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One of the most expensive and profitable things a person can do in life is to buy a house. There are some strategies that we can make use of to reduce the interest on a mortgage. This is the case with mortgage points.
What are Mortgage Points?
Mortgage points are a fee that a borrower pays to a lender to reduce the interest rate on the loan. They also be called discount points. For each point the borrower purchases, it costs 1% of the mortgage amount. Or, $1,000 for every $100,000. In short, the borrower pays interest upfront to get a lower interest rate for as long as they are paying off the loan.
Breakeven Period or Breakeven Point
The time it takes for the borrower to recover the cost of purchasing mortgage points is called the break-even period. To calculate this time, simply divide the cost of the points by the amount of money you save on your monthly debt payment. The result is the time it takes for the monthly payment savings to equal the cost of the points.
$4,000/ $65 = 61 months
This indicates that the borrower must stay in the home 61 months to recoup the cost of the mortgage points they purchased,
This strategy should be pursued in the event that the borrower plans to keep the home they have purchased for a long period of time. If this is not the case, it is likely that he will not be able to recover the cost he has invested in the discount points.
How Do Mortgage Points Help Reduce Interest Costs?
If you have the ability to purchase mortgage points in addition to your down payment and closing costs, purchasing discount points is a decision that can help you reduce your monthly mortgage payments and save you a lot of money. The key to recouping the cost of the points is to stay in the home long enough to recoup the money invested in the interest paid upfront. If you sell shortly after you buy it, refinance the mortgage, or pay it off, having purchased the mortgage points will have been a significant loss of money.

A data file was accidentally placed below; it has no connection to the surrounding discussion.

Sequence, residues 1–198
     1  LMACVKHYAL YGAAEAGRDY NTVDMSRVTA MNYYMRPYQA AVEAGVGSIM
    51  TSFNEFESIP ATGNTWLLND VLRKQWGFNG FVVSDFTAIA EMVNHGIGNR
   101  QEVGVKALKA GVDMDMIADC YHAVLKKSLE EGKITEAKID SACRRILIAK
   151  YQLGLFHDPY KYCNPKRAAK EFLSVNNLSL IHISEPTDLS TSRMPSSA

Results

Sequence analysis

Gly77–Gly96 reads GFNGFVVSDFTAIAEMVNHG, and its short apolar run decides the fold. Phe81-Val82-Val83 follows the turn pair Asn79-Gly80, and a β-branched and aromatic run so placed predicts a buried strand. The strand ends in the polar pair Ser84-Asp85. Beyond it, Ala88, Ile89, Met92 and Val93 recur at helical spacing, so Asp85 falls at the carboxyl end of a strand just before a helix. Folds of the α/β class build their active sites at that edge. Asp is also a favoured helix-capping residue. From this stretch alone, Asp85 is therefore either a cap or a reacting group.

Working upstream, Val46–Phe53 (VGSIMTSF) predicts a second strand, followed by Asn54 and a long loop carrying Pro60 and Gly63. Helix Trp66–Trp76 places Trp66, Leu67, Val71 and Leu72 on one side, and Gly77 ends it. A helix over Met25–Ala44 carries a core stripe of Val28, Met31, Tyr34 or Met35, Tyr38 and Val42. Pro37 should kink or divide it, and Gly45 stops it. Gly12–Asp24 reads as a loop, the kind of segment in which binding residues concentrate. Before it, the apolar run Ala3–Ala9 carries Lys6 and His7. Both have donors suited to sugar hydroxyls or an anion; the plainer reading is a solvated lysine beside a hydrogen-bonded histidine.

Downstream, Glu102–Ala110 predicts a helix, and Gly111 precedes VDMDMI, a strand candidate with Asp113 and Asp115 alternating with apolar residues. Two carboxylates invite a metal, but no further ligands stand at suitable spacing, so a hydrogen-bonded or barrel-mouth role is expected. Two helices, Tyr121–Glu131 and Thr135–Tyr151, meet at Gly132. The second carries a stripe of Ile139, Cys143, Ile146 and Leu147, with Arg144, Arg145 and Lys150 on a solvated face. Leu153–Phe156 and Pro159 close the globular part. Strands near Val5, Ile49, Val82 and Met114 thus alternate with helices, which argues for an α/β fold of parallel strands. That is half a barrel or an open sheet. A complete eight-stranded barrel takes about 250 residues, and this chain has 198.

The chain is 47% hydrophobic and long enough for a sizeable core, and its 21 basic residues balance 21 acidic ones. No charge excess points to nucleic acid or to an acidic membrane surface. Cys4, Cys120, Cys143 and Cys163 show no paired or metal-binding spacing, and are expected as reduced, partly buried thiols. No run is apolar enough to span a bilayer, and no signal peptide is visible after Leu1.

Are Mortgage Points Tax Deductible?
Discount points are prepaid interest and are tax-deductible on up to $750,000 of a mortgage loan. However, taxpayers wishing to deduct mortgage interest and points must include the deduction on Schedule A of Form 1040.
It is important to note that not all mortgage points paid in the same tax year can usually be deducted. Points can be deducted over the life of the mortgage per year.
Remember to consult a tax professional for guidance and information on which expenses involved in buying a home are tax-deductible.
We Can Help
As mentioned above, buying mortgage points to reduce your mortgage interest rate has benefits only if you plan to stay in the home for a long period of time. The amount you save per month will make it worth all the upfront costs including the discount points.
If you don’t have enough money to cover all the costs of buying a home, you may want to think about whether it’s worth the extra financial effort to pay mortgage points. You can find another strategy to save a little money or reduce your monthly debt payments. Consult an expert to guide you so you can successfully carry out these strategies.